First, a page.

Law and society scholars have long been fascinated with the interplay of formal legal and informal extralegal procedures. Unfortunately, the fascination has been accompanied by imprecision, and scholars have conceptually conflated two very different mechanisms that extralegally resolve disputes. One set of mechanisms might be described as the "shadow of the law," made famous by seminal works by Professors Stewart Macaulay and Marc Galanter, in which social coercion and custom have force because formal legal rights are credible and reasonably defined. The other set of mechanisms, recently explored by economic historians and legal institutionalists, might be described as "order without law," borrowing from Professor Robert Ellickson's famous work.1 In this second mechanism, extralegal mechanisms—whether organized shunning, violence, or social disdain—replace legal coercion to bring social order and are an alternative to, not an extension of, formal legal sanctions.
One victim of conflating these mechanisms has been our understanding of industry-wide systems of private law and private adjudication, or private legal systems. Recent examinations of private legal systems have chiefly understood those systems as efforts to economize on litigation and dispute-resolution costs, but private legal systems are better understood as mechanisms that economize on enforcement costs. This is not a small mischaracterization. Instead, it reveals a deep misunderstanding of when and why private enforcement systems arise in a modern economy.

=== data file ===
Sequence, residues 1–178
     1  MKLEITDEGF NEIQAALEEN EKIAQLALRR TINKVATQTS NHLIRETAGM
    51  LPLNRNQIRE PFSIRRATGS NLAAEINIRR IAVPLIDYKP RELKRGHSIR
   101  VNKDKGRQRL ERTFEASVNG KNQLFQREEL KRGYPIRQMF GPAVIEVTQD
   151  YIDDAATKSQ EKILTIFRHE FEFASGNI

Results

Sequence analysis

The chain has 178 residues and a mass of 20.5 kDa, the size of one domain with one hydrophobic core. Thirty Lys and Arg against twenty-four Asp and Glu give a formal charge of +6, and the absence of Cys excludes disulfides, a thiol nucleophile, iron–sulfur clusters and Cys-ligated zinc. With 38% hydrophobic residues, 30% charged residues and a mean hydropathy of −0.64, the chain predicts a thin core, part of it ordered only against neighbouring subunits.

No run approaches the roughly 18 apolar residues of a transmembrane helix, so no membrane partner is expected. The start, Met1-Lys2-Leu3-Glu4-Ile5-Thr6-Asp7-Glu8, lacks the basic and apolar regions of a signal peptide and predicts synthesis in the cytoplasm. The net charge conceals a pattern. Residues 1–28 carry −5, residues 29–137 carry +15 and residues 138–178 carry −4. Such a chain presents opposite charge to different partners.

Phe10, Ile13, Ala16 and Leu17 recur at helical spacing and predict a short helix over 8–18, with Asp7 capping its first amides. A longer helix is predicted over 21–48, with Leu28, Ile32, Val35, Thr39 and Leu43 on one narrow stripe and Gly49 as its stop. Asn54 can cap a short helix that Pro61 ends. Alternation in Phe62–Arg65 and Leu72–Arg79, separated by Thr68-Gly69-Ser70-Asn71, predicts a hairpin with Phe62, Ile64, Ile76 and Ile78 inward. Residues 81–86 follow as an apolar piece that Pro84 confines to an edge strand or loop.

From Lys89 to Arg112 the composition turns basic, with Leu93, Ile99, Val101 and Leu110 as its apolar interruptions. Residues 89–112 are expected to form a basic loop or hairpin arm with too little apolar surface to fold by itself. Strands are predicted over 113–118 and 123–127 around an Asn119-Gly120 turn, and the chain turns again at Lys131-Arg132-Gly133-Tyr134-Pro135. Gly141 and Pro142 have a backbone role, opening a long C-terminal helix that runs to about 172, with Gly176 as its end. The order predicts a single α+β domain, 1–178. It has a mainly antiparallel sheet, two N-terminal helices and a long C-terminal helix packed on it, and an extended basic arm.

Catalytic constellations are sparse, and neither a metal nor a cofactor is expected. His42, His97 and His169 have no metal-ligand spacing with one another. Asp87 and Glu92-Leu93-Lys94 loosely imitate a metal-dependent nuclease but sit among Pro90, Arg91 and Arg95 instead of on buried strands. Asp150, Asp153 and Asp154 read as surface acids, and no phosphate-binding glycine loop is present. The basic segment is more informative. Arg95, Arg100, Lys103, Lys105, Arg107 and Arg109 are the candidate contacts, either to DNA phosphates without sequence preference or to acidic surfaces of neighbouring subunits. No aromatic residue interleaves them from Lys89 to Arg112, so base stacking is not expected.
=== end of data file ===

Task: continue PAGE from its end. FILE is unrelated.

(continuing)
This Essay provides a taxonomy for the various mechanisms of private ordering. These assorted mechanisms, despite their important differences, have been conflated in large part because there has been a poor understanding of the particular institutional efficiencies and costs of the alternative systems. Specifically, enforcement costs have often been inadequately distinguished from procedural or disputeresolution costs, and this imprecision has produced theories that inaccurately predict when private ordering will thrive and when the costs of private ordering overwhelm corresponding efficiencies. The implications for institutional theory are significant, as confusion in the literature has led to overappreciation of private ordering, underappreciation of social institutions, and Panglossian attitudes toward both lawlessness and legal development.
Barak D. Richman,
Norms and Law: Putting the Horse Before the Cart,
62 Duke Law Journal
Available at: http://scholarship.law.duke.edu/dlj/vol62/iss3/8